Open dialogue helps emerging brands avoid the courtroom
As a system grows in size, litigation is inevitable, or at least that’s a default comment from many in franchising. And while it’s not uncommon for a larger franchise to have a handful of cases listed in Item 3 of its franchise disclosure document, there’s plenty a franchisor can do to avoid the courtroom, starting with an emphasis on communication with franchisees, setting realistic expectations and providing proper support.
For a young brand, supporting that first group of franchisees “will pay dividends many, many years down the road,” says Lynne Hanson, an attorney at Denver law firm Moye White who works often with emerging franchisors. “They’ll be able to validate the brand and that relationship with the brand.” And conversely, “if you’re not supporting them and you have a handful of them fail, that can be damaging for years.”
Though Hanson agrees a franchise typically will have litigation at some point, for a young brand a lawsuit can not only stress the system by tying up resources but also impact its reputation and ability to attract operators. “Frankly, it just doesn’t look good,” says Hanson, particularly to candidates evaluating the concept. “That’s a big red flag, potentially, whether it’s the franchisee suing the franchisor or vice versa.”
Cookie Cutters had 26 locations when Neal Courtney, above left, and his wife acquired it. Now it has 110 salons.
Neal Courtney dealt with litigation when he was COO and later CEO of Famous Brands, parent of Mrs. Fields and TCBY, and those experiences now inform his approach to working with franchisees since acquiring Cookie Cutters Haircuts for Kids from its founders in 2014.
“In litigation, nobody wins. It’s lose-lose, and it’s a waste of resources,” said Courtney, himself a franchisee of Salt Lake City-based Cookie Cutters with his wife, Alexis, before the pair bought the brand. “So I try to navigate away from that and be proactive.”
Cookie Cutters holds quarterly calls to discuss performance and franchisees have a direct line of communication to Courtney, who notes his approach is to “extend a longer hand” to those who are struggling and focus on coaching, not policing. “It’s not just about compliance,” he says of support functions such as field visits. “It’s an actual sit-down and coaching. Our focus is to get franchisees as profitable as possible as quick as possible.”
It’s also incumbent upon franchisors to recognize the various outside pressures facing franchisees, with Courtney ticking off challenges such as a tight labor market, high occupancy rates and low availability of real estate. “There has to be an understanding on the part of franchisors that things are tough,” he says, a consideration that comes into play when dealing with franchisees who are behind in their development schedules. “You may have signed a three-store development deal, but that was four years ago.”
“Is it the appropriate time, do they have the appropriate capital and is there an appropriate location” are all factors Courtney takes into account. It’s better to make adjustments to the schedule instead of sending a default letter, “especially when they’re good operators.”
Cookie Cutters, which had 26 locations when the Courtneys acquired it, has expanded to 110 salons, largely thanks to a formalized development program.
At Ziggi’s Coffee, the co-founder says an experienced attorney is a must.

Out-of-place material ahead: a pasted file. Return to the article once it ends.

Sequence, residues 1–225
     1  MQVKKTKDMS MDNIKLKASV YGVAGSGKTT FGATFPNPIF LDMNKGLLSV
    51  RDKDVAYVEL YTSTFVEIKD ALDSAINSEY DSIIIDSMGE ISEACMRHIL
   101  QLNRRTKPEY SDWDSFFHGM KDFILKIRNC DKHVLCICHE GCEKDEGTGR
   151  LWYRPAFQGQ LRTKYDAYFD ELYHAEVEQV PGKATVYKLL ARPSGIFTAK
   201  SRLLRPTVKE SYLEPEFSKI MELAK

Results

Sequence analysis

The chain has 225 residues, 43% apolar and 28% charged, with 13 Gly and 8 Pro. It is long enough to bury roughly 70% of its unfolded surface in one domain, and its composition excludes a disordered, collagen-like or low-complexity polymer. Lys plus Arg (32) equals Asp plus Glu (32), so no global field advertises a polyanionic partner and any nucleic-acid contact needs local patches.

“At the time of takeover there hadn’t been a filed FDD in three years, the previous franchisor had let that lapse,” says Courtney, adding there was also no strategy for franchise development and lead generation, “one of the reasons the founder wanted to get out of it” and also why existing franchisees were “very excited” about the Courtneys stepping in.
The franchise sales process can prove tricky for emerging brands as they learn what can and can’t be discussed, particularly when it comes to questions about franchisee profitability, notes Hanson, who’s gone so far as to create a sales person training program for new franchisors. In franchise sales, discussing earnings potential is off limits, “unless it’s in writing in the FDD. And you can only talk about what’s in writing in the FDD,” says Hanson. “Those sales people really need to be cautioned and educated on what they can and can’t say. No back-of-the-napkin projections.”
Invest in expertise
As emerging franchises get into growth mode there’s no shortage of areas to spend money. While some people try to price shop their legal advice, Brandon Knudsen, co-founder and CEO of Ziggi’s Coffee, stresses the need for “an incredibly experienced franchise attorney.”
“They don’t just write an FDD for you, they really coach you,” says Knudsen, whose Longmont, Colorado-based coffee shop concept has grown to 21 locations in three states since he and wife Camrin began franchising in 2016. Especially helpful is the coaching on how to present information to franchisees “so they really understand what they’re getting into.”
“If you’re not fully transparent, it will come out at some point,” say Knudsen, adding a quality franchise attorney is “very expensive, but it’s worth it.”
The Knudsens opened the first Ziggi’s in Longmont in 2004 and expanded to six company shops before delving into franchising, giving them plenty of experience that’s translated into credibility with franchisees.
“We know what kinds of challenges you’re going to be faced with and we get out ahead,” says Knudsen. While there’s been “nothing contentious” so far, he notes some franchisees began adding items to their menus without approval. Instead of triggering a compliance letter, however, the company created a process for owners to submit such requests.
“If you approach it from it’s us versus them, you’re going to be miserable,” says Knudsen.